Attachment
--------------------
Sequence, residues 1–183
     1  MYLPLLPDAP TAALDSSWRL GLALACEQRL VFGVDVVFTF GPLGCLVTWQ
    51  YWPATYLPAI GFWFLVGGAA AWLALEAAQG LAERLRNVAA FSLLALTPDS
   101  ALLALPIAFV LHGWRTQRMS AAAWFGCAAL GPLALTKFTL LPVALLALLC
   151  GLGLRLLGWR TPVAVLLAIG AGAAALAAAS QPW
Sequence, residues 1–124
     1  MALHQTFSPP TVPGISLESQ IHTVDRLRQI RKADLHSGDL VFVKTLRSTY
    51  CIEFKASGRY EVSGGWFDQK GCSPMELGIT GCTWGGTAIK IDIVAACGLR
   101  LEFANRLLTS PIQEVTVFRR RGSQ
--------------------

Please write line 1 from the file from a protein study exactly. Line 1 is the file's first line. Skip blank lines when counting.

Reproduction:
Sequence, residues 1–183